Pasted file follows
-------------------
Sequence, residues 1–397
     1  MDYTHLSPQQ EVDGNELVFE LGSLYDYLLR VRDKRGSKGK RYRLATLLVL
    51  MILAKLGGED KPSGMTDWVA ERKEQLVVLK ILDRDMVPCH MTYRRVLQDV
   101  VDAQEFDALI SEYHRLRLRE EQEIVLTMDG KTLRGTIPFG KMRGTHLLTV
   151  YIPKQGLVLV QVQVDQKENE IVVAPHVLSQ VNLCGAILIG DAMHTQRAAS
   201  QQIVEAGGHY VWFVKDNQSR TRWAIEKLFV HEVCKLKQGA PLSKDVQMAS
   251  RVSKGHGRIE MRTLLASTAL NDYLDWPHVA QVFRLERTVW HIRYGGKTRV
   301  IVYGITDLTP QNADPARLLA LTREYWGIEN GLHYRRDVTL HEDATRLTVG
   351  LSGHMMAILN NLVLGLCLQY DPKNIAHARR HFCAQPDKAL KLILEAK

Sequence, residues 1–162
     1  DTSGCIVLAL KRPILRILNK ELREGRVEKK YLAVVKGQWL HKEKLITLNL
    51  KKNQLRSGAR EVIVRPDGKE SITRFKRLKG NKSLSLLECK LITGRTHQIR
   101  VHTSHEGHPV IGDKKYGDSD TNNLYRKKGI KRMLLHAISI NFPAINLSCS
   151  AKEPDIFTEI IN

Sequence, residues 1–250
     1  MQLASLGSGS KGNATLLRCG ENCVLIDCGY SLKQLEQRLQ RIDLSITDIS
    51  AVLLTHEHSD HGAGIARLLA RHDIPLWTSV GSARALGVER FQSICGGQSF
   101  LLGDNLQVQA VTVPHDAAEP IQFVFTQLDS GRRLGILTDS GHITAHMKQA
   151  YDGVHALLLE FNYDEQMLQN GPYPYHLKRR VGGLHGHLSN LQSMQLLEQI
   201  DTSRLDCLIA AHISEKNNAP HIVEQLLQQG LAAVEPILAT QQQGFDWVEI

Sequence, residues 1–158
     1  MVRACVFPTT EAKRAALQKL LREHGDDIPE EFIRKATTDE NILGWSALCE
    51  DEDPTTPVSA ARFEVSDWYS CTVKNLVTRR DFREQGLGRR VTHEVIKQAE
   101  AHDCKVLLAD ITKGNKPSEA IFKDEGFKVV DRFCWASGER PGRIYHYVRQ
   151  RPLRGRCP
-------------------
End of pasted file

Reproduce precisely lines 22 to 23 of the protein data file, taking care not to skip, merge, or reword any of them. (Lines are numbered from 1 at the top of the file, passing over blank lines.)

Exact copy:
     1  MVRACVFPTT EAKRAALQKL LREHGDDIPE EFIRKATTDE NILGWSALCE
    51  DEDPTTPVSA ARFEVSDWYS CTVKNLVTRR DFREQGLGRR VTHEVIKQAE